Not too long ago I was picking black-eyed peas and discovered that some of what I was picking was not black-eyed peas at all. They were creamer peas. When ordering seed, we asked for black-eyes, but something must have gotten mixed up. Even the best seed suppliers can’t guarantee 100% purity. And it’s like this in life, too. Sometimes you think you are planting one thing, but as time passes, and you reap what you have sown, you find it’s not at all what you thought it would be. Other times, when you are authentic and true, you reap exactly what you planted, and it’s good.

In Matthew 7:16-18 Jesus said, “Ye shall know them by their fruits. Do men gather grapes of thorns, or figs of thistles? Even so every good tree bringeth forth good fruit; but a corrupt tree bringeth forth evil fruit. A good tree cannot bring forth evil fruit, neither can a corrupt tree bring forth good fruit.” Today, I don’t want to write about bad seed. We have all made mistakes in life and have lived with the consequences. I want to write about good seed. No matter what has happened in the past, you always have today to live for purpose. These verses cause me to ask what am I doing that bears good fruit?

Growing up in a religious home I was very cognizant of doing good deeds. In fact, I hoped I could earn my salvation by being good. When I learned that salvation was a gift of God, I was relieved and profoundly grateful. Yet, knowing this truth left me confused about works. How do they fit in? James 2:17 says, “Even so faith, if it hath not works, is dead, being alone.” So, faith is important because it is the reason for good works. Works are important because they demonstrate our faith.

This question of faith and works brought be back to the peas. Only blackeyes are blackeyes. In the same way, people are what they consistently do. In John 4:34 Jesus said, “My meat is to do the will of Him who sent me, and to finish His work.” What would it take for me, like Jesus, to do the will of the Father? Here’s a few thoughts: First and foremost, if love is a verb, then it involves movement. This could be volunteering at church, visiting someone in a nursing home, lending a hand to a new mom, or just praying with a friend. No matter how awkward it feels, the first step is to reach out. You will never know what you will find until you do. In fact, the joy is in the going. I found this to be true with delivering vegetables. It started with sharing some extra produce God had provided us.  It has ended in getting to know some remarkable friends and having the privilege of sharing in their lives. This experience has been profoundly meaningful and energizing.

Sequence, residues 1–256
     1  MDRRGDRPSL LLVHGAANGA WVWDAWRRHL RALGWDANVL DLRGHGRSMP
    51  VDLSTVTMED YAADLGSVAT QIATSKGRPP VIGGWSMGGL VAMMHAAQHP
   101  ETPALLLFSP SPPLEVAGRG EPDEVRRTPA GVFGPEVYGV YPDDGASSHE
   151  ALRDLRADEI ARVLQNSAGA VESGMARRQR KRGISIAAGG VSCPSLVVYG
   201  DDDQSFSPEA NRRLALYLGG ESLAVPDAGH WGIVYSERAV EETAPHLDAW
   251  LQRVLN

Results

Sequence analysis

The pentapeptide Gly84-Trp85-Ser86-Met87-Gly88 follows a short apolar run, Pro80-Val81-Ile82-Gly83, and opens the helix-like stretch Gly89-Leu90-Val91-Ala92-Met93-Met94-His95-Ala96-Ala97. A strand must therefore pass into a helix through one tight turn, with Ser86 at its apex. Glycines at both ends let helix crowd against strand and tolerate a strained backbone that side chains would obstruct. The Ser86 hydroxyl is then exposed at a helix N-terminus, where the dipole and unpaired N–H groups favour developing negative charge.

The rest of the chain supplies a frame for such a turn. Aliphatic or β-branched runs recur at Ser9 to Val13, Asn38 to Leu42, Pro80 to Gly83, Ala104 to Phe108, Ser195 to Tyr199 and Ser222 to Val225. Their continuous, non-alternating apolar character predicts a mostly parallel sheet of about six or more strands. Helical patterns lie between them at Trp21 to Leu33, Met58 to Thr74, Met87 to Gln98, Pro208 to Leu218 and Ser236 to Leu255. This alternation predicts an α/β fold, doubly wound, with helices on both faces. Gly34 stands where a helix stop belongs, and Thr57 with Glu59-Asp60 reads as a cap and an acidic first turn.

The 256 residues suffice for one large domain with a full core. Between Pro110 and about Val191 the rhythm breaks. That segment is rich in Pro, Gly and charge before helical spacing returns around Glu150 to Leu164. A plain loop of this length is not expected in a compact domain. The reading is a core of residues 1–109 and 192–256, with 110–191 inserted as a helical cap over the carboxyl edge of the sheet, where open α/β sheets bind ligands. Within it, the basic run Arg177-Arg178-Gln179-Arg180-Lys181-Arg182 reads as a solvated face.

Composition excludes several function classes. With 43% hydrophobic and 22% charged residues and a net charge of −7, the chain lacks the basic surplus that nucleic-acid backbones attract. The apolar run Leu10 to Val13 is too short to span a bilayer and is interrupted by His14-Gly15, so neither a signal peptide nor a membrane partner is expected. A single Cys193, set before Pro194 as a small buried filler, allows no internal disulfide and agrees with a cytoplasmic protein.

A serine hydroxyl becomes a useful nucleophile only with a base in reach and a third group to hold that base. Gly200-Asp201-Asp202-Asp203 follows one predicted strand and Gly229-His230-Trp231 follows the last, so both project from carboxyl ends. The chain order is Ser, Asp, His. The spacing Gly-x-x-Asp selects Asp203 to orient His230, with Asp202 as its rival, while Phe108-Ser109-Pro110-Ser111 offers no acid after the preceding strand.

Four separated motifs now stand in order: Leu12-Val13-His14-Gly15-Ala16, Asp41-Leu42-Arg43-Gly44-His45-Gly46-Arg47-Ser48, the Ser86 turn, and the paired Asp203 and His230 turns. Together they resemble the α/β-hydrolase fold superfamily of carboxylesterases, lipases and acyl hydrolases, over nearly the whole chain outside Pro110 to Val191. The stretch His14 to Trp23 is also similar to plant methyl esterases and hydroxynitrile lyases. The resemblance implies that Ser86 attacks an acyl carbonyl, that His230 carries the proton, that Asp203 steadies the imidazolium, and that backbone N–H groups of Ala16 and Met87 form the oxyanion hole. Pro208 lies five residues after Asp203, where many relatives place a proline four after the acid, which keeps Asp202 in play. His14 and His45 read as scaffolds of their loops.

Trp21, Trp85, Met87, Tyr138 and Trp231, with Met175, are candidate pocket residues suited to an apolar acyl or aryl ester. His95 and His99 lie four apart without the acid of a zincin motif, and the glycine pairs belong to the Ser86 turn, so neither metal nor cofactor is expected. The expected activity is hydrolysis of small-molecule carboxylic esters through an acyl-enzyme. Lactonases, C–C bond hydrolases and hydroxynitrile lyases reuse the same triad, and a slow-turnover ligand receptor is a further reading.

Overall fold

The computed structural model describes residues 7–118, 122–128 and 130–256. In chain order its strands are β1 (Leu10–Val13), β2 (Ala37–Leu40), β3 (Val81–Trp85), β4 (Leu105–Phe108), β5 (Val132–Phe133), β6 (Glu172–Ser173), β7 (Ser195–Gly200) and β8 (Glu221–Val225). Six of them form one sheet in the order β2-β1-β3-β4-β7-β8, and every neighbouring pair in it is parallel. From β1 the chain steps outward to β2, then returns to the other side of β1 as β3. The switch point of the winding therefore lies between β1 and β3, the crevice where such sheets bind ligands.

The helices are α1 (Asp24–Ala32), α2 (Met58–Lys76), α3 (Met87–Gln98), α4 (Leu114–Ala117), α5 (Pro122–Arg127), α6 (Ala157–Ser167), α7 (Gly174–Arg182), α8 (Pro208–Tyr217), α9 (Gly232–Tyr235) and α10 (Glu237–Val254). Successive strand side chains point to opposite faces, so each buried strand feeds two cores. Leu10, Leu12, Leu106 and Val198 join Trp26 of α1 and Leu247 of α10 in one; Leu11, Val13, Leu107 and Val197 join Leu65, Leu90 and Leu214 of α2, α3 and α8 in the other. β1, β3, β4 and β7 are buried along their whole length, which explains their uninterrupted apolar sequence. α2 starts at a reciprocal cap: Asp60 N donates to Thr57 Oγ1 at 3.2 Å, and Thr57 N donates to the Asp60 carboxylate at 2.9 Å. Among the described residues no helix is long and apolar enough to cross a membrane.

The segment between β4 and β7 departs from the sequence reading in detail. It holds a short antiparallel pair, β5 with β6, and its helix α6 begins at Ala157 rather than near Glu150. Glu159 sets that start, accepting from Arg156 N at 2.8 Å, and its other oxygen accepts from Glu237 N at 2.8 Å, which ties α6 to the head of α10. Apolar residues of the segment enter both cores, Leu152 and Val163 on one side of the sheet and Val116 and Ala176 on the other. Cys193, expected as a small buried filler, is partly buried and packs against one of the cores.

The second step is to be consistent. What you consistently do is who you are. When Jesus said to love your neighbor as yourself, He didn’t mean once. Rotate it. Buy a coffee for someone one day, give a sincere complement to someone else another day, call a friend. . . Make caring for others a lifestyle. Wake up in the morning and ask God who you can bless that day. I met an elderly missionary once who told me this story. When she was a child, she wanted to do something for missions. She would gather things she knew missionaries needed, make boxes, and mail them. In time, she discovered a deep longing in herself not to just pack boxes, but to go.  It was not an obligation but a passion and a life calling, but God’s calling on her life was developed through consistency.

The third step is to rely on God. In John 15:15 Jesus said, “Without Me you can do nothing.” Nothing we can do in and of ourselves can make a difference, no kindness, no gesture of friendship, no sacrifice for our fellow man. . . but what we do in Christ makes a difference. He partners with us when we obey Him, and this experience, this relationship, if we embrace it, changes us. Luke 6:38 says, “Give and it shall be given unto you.” When you give, you receive. It’s not why we give, it’s just what the Bible has promised will happen. And it certainly beats being depressed or turning inward, which is what happens if I focus only on me.

And so today, I encourage you to never lose the gratitude of your salvation, but to know that along with it comes the responsibility of being like Christ. That’s what our covenant with Him means. That’s our purpose. Living as He did. Doing what He has commanded. Loving others as ourselves. Back when I was picking those peas, they all looked alike, but only some were true and authentic black-eyed peas. For me, being authentic means doing the right thing when no one is looking…reaching out. . . being consistent. . . relying on His grace. . . and giving Him the glory. Then, on the day of harvest, we will not be ashamed, but we will hear Him call us faithful. Matthew 25:23 tells us the words we hope to hear from Jesus, “Well done, thou good and faithful servant. You have been faithful with a few things. I will put you in charge of many things. Come and share your Master’s happiness!”

— Written by Jill

The picture shows contents of a recent ministry bag.